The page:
When you look at the sheer range and number of original stories being told in comics form today, it’s hard to imagine a better time to be a comics reader. Online and in print, from all around the world, artists and writers are telling stories with their own voices and styles, and there’s so much to choose from that it’s sometimes difficult to know what to read next. With Should I Be Reading… ?, ComicsAlliance hopes to offer you a guide to some of the best original ongoing comics being published today.

In Taylor C's Monsterkind, the world is a strictly segregated society, with the lowest of the low designated as monsters and confined to the shabbiest districts. A human social worker named Wallace has recently been transferred into such a district, and is forced to make friends with the kind of people he's been taught to be wary of, without ever realizing it.


Wallace Foster is a social worker who wants to bring good into the world, but he is sheltered by his circumstances --- he is human, and he lives in a world where policy dictates that if you're not human, you are on the bottom rung of society's totem pole. He is confronted with this, and with all of his unconscious biases, when he is transferred to a district full of non-humans --- referred to as monsters --- and finds out firsthand what the obstacles to daily life are for the undesirables of this society.



Everyone around him exchanges furtive glances when uncomfortable subjects come up. Most of his clients slam the door in his face. Not because of Wallace or who he is, but because of a system that prizes Wallace above the residents of District C --- a system that Wallace is coming to see the full contours of.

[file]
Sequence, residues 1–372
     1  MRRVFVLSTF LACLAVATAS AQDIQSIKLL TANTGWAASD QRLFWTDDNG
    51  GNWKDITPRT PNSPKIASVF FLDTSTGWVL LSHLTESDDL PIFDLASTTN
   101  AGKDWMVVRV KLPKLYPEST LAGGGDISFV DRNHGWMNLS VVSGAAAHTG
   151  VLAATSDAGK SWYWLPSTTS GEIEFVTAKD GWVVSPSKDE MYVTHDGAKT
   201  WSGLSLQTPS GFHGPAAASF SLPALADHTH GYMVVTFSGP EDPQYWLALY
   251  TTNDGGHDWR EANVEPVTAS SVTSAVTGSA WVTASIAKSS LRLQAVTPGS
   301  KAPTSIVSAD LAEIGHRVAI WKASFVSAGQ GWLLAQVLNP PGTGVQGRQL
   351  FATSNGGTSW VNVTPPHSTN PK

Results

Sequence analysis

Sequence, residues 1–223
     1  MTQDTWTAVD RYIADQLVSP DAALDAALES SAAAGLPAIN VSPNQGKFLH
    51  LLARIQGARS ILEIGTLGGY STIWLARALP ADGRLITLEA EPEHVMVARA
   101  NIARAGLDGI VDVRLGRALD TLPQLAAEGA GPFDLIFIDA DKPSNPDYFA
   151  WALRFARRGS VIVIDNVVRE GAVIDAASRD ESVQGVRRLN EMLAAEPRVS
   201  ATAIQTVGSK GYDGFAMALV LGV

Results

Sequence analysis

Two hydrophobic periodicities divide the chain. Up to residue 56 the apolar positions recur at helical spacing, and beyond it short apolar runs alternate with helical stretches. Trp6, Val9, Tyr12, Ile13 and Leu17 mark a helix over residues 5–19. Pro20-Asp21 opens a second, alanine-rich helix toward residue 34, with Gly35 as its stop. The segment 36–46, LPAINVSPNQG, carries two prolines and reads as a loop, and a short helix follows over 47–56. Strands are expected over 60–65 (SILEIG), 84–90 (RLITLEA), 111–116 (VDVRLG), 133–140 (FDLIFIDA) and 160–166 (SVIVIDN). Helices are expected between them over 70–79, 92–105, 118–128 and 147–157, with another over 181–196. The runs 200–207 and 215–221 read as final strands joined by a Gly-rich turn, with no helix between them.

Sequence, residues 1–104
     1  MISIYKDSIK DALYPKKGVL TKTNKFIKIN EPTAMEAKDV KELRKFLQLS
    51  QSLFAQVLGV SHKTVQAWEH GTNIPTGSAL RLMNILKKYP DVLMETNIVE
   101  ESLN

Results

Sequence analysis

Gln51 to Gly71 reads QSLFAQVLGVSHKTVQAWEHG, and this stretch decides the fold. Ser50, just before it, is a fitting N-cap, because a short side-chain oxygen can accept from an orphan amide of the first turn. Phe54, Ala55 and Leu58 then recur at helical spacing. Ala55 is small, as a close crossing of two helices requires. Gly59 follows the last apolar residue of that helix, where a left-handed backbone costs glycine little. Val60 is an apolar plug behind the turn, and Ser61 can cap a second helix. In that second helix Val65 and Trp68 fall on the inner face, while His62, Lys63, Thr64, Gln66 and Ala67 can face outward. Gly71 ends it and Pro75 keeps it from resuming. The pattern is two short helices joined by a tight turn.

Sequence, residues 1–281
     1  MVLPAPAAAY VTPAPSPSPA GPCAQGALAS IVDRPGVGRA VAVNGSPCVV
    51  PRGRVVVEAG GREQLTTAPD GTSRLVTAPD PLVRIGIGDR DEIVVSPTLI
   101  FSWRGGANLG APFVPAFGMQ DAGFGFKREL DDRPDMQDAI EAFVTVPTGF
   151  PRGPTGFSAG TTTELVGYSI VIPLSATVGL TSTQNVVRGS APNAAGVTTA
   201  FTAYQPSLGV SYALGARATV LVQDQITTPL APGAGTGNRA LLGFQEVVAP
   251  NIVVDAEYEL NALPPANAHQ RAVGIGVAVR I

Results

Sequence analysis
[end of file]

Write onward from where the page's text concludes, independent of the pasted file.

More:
Taylor C is a twenty-something cartoonist living in Savannah, Georgia. She has been writing and drawing Monsterkind since 2012.


The art is expressive and makes the intelligent choice to portray the world of the monsters as colorful instead of an oppressive dystopia. District C is a place where people live, and its problems are more subtle than a muted color palette. Everything seems mostly okay on the surface. Mostly.



The storytelling and pacing of the panels show how this is only on the surface --- this is a comic with a lot of awkward pauses and glances about subjects that no one wants to talk about. People in the district are troubled, and most of them walk with the defensive hunch that people in any neighborhood walk with when the police aren't there for your protection --- they're there to protect others from you. Preemptively, if need be.

Despite this, the writing never lets itself get distracted by screeds about social consciousness --- whenever the inherent problems of the segregated society come up, it's natural to the conversation. Fundamentally, Monsterkind is more about the people caught up in the broken system, and how it's broken them, than about the system itself.




Fans of gorgeous artwork and fiction that handles social commentary with a careful touch.


It's available online at the Monsterkind website, updating every Tuesday and Friday.